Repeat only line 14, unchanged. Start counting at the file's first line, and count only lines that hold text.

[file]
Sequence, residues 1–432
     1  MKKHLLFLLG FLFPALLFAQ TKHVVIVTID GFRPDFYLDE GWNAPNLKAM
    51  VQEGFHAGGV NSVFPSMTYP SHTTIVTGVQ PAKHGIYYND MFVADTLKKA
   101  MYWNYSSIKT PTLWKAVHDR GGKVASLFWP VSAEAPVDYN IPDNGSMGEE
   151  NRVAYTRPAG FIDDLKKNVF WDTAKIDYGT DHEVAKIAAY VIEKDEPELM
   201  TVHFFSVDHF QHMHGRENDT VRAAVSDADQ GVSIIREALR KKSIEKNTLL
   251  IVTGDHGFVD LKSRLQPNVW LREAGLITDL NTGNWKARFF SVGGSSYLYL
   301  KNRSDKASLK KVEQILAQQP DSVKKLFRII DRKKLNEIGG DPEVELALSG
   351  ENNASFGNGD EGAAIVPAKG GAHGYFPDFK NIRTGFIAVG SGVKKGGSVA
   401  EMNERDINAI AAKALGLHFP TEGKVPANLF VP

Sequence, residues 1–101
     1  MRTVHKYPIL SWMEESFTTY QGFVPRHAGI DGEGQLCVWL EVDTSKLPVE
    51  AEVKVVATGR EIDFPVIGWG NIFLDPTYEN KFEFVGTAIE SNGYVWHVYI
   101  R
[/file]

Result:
   101  R